How has the COVID-19 pandemic affected nuclear medicine?

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The number of scintigraphy studies -- particularly thyroid, cardiac, bone, and lung scans -- fell sharply during the first year of the COVID-19 pandemic, while PET scans have remained stable, a large-scale European survey has found.

"Benign therapy was more severely affected overall than malignant therapy," wrote first author Dr. Ana Paula Moreira, a nuclear medicine physician at Coimbra University Hospital and the Institute for Nuclear Sciences Applied to Health (ICNAS) at Coimbra University in Portugal, and colleagues. "Despite all the difficulties, there has been an effort to prioritize the assessment of cancer patients."

Dr. Ana Paula Moreira.Dr. Ana Paula Moreira.

All 39 European Association of Nuclear Medicine (EANM) national delegates were asked to complete the survey in January 2021, and 32 of them did so. The survey focused on the pandemic's impact on diagnostic (scintigraphy and PET) and therapeutic nuclear medicine procedures, supply of radionuclides or radiopharmaceuticals, and operational aspects of nuclear medicine departments.

The full results were posted on 30 July in the European Journal of Nuclear Medicine and Molecular Imaging.

Overall, the number of scans fell by between 25% and 50% for most benign therapies. Diagnostic PET/CT scans and malignant therapeutic procedures remained relatively stable in most of Europe, with rates of 69% and 66%, respectively. The problem of secure radiopharmaceutical supply was only a factor for 25% of the respondents.

PET/CT was less severely affected because local cyclotron centers can produce PET radionuclides and tracers, whereas some countries rely on regular international flights for their weekly supply of generators (e.g., molybdenum-99/technetium-99m) and some radionuclides (iodine-131), the authors speculated.

"There was even an increase in PET/CT procedures in two countries," they stated. "One explanation for this might be the overbooked CT capacities, which resulted in PET/CT becoming a one-stop staging tool without prior CT."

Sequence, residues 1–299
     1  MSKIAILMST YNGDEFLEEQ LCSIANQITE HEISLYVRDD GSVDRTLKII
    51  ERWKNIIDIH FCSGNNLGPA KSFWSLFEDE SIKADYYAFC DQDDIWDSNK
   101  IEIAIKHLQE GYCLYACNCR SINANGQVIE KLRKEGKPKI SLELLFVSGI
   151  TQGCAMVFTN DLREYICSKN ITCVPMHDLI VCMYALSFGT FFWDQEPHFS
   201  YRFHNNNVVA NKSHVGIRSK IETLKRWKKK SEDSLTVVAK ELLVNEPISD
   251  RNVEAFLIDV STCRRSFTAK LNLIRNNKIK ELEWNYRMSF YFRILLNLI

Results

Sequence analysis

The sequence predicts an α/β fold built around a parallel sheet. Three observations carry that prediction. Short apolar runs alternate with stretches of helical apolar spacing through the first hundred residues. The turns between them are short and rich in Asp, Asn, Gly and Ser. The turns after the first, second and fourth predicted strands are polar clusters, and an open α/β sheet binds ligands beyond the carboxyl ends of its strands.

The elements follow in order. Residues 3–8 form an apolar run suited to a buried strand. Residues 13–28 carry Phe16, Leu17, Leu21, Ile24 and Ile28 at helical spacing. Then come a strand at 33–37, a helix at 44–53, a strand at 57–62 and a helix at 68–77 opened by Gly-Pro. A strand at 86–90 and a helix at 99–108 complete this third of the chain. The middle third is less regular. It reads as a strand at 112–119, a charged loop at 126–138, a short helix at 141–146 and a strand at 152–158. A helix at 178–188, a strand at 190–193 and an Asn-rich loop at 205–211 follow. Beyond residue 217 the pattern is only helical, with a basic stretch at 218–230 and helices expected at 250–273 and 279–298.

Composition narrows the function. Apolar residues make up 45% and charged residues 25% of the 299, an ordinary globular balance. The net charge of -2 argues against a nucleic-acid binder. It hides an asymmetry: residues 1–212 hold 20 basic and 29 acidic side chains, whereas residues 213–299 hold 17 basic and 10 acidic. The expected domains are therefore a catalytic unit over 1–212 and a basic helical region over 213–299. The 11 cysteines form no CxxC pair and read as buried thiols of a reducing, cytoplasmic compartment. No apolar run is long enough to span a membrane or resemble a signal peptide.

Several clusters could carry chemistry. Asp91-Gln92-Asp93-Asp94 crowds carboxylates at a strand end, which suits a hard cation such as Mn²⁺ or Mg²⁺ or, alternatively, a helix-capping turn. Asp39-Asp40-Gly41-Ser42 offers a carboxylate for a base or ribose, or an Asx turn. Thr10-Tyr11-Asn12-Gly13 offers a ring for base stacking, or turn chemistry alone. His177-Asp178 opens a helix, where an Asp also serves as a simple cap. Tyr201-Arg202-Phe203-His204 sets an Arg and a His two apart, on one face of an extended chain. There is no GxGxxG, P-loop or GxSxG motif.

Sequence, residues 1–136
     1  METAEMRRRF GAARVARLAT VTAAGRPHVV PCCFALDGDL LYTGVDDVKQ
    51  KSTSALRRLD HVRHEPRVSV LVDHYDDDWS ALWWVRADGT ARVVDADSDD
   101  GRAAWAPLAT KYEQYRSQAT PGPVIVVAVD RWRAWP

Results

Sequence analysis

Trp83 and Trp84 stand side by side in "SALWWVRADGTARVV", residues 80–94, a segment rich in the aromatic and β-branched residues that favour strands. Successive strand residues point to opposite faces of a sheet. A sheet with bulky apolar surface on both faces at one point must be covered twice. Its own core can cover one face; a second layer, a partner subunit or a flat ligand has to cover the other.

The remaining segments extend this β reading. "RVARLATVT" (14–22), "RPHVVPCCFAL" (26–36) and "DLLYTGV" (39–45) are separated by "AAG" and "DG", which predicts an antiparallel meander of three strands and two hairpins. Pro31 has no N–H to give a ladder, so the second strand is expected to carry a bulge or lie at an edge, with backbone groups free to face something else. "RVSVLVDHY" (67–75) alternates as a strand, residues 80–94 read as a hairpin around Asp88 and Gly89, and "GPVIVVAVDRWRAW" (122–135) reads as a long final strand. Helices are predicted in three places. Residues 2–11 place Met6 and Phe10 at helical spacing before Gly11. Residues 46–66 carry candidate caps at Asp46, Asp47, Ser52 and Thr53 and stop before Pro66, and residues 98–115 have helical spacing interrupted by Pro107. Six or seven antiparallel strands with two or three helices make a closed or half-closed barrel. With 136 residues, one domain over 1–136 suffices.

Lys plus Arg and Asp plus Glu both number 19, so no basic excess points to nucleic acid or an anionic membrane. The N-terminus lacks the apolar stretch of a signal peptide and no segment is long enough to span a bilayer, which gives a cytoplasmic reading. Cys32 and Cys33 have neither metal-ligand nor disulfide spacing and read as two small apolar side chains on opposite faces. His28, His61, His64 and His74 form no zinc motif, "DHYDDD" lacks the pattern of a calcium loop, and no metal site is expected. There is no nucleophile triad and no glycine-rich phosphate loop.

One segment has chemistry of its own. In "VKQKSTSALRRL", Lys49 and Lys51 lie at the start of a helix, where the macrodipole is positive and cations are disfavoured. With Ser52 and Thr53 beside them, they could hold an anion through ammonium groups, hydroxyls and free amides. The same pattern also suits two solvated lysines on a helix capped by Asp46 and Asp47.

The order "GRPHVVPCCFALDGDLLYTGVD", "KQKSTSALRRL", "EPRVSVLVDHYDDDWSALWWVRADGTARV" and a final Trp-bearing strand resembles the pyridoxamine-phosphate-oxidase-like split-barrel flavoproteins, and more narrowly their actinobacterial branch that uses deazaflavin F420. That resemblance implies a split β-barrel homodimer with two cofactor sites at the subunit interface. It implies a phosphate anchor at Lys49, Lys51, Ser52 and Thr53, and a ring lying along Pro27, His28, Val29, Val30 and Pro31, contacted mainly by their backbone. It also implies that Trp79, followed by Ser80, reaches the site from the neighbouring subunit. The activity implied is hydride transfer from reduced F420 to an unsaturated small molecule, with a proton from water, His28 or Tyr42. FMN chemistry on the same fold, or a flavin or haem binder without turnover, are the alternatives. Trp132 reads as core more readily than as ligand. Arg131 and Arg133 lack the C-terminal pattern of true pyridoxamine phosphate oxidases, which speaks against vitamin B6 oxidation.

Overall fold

The most severely affected months were March, April, and May 2020, probably due to the sudden outbreak of the disease and the unexpected need for departmental reorganization, according to the authors. Some countries reported a lower number of exams during spring 2020, but a subsequent increase in autumn 2020, resulting in a stable situation for the whole year.

Workflow and training

Organization/management workflows underwent changes in two-thirds of European nuclear medicine departments, the survey found. Workflow depended on the official and legally imposed lockdown periods, mainly implemented not only to reduce the circulation of the virus but also to provide staff for the most urgent tasks, such as redeployment of nursing staff and physicians to COVID-19 units.

"The reduced contact with physicians in outpatient consultations in the initial period of the pandemic resulted in a decreased number of patients being referred to nuclear medicine for diagnosis and treatment, this effect being less prominent for oncological patients," wrote Moreira and colleagues.

Another factor was patient no-shows due to the fear of being infected at the hospital or using public transport to reach hospitals, but this was not quantified at the level of the EANM member countries.

"The pandemic probably not only affected healthcare services but also the training and education of our residents and young fellows, the future generation of nuclear medicine physicians," they noted. "Our residents were able to attend a smaller number of studies/courses than in previous years. Some of them were even assigned to rotations for COVID-19 services for several months, hence academic productivity and research projects in the field of nuclear medicine might also have been affected."

The survey responses were completed before the "third wave" was apparent, and this may have changed the situation, the authors wrote.

Unanswered questions

To provide follow-up perspective, the EANM is planning a repeat survey in 2022.

"There are still some unanswered questions," Moreira told "Undoubtedly one of them is the role of nuclear medicine in the study of COVID-19 complications and sequelae. I imagine that well-known radiopharmaceuticals and procedures like F-18 FDG PET/CT, radiolabeled white blood cells (scintigraphy, SPECT, SPECT/CT), or even lung ventilation/perfusion SPECT may be useful in this new clinical scenario."

Because nuclear medicine techniques have inherent potential in new drug development, it can be expected in the not so distant future that the development of new radiopharmaceuticals will contribute to diagnostic, prognostic, and even therapeutic tools for SARS-CoV-2 infection, she said.

"Next year, I’m sure that nuclear medicine departments will have less difficulties facing the pandemic, since the adaptation period to this public health crisis has already been overcome, in most cases with great success," Moreira concluded.

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